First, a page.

1. kate
    November 5, 2016

    I have always been a tea drinker and have always drunk it with the spoon left in, much to the laughter of others, because it seemed like the right thing to do. My parents never drank tea and now I wonder if some genetic Russian legacy from my grandmother imprinted in me to do so…or that great minds think alike. I really enjoy your blog, I came here for the barley porridge and am already planning on making the Sharlotka 🙂

    • alenastavrova
      November 5, 2016

      Thank you, Kate, you made my day with your comment! And I’m really glad you’re trying some recipes. Let me know if you have any questions or requests.

      As for tea, it can very well be a legacy. When I got interested in cooking, I wanted to try and cook dishes from other cuisines – Italian, Chinese, Indian, but as time went by I started to crave some home-cooked Russian food, something I never thought I would want to cook. There is even this theory that it’s best to eat roughly the same types of food or meals your parents and grandparents used to eat (e.g. may be not go heavy on spicy food if you’re from a northern country). I hope you’re enjoying your tea, with the spoon or without!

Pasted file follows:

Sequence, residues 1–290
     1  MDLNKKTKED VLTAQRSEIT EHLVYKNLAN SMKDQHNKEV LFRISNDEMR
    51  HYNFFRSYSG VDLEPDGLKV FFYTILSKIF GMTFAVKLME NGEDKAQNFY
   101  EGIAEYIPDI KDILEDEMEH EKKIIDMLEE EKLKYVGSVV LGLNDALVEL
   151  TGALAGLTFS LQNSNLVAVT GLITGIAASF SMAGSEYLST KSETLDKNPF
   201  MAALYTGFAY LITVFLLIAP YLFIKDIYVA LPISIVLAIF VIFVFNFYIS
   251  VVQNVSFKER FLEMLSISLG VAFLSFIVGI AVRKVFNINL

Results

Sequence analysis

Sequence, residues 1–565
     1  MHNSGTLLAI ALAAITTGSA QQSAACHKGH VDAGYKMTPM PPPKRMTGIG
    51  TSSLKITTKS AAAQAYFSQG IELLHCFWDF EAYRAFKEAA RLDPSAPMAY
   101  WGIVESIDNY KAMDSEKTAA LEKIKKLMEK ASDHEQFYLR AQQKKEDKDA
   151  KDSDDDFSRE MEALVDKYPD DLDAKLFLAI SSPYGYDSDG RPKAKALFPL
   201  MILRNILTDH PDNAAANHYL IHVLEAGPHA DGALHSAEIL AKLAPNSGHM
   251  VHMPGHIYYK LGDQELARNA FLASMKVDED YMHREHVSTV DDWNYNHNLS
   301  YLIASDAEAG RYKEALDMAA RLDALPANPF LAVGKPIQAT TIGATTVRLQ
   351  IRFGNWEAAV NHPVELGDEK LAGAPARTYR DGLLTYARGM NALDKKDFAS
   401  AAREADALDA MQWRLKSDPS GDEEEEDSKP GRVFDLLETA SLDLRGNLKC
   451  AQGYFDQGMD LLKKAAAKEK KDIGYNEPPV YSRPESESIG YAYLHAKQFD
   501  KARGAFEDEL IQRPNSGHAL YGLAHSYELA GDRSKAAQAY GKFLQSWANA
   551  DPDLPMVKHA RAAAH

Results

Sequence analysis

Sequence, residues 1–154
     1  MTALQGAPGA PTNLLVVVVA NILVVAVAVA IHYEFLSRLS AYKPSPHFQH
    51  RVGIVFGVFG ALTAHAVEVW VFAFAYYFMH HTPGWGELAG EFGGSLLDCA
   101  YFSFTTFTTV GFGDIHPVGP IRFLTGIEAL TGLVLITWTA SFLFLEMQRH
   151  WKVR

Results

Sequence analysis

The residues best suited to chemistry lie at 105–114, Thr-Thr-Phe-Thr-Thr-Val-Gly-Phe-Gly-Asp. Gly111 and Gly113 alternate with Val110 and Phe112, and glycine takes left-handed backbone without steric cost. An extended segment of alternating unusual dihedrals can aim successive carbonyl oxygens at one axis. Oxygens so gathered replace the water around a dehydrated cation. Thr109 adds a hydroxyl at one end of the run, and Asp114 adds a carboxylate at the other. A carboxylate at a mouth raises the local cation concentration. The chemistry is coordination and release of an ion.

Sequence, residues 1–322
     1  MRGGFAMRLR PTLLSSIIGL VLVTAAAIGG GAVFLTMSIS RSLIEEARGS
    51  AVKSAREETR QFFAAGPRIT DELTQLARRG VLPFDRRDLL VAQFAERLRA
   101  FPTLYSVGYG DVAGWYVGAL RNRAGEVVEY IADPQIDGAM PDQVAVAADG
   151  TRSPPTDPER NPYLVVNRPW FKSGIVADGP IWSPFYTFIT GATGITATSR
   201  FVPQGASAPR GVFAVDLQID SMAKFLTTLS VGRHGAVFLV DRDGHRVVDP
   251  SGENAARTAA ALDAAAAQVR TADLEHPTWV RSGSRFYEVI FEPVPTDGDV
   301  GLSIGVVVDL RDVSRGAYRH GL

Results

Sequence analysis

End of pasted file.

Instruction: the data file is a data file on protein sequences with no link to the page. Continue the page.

2. Pingback: Buzzfeed knows what tea I’m drinking (some facts about Russian tea habits) | healthyhappyhelping

  3. Juliana @ Urban Simplicity
    December 27, 2016

    This is exactly how I was taught to make tea when I lived in Russia. I’ve also found Russian Caravan tea gives me the flavor I crave/remember. The taste is very Proustian for me. The spoon thing too! I miss Russia so much!

    In Krygyzstan, they do this method as well, but they put a little strainer on the spout of the teakettle to catch the tea grains (they tend to use Assam tea, which is granular, rather than long leaf) as they pour it into the cup.

    I just found your blog while looking for other things to do with grechka–there are so many great things here, thanks for sharing!! I’ve added your blog to my feedly and look forward to what you have to share in the future! I’ll be combing the archives for other recipes too–I’m eager to try the barley kasha recipe, and the Oliviets New Years salad.

    • alenastavrova
      December 28, 2016

      I’ve never been to Kyrgyzstan, but I’ve seen those little strainers too. I think my granny has one, but she doesn’t use it often.

      I’m glad you like my blog, Juliana! Let me know if you have any questions or requests for future posts.

  4. Guignol
    February 24, 2018

    Wonderful, very helpful, many thanks. We are just starting out in out tea drinking adventures. A particular favourite is ‘Russian caravan’. The tea concentrate method is something I am looking forward to trying.

    • alenastavrova
      February 26, 2018

      I’m glad you found my post useful, Guignol. Tea adventures sound very exciting – there are so many different tastes and traditions in the world!

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This entry was posted on January 25, 2015 by in Russian Recipes and tagged .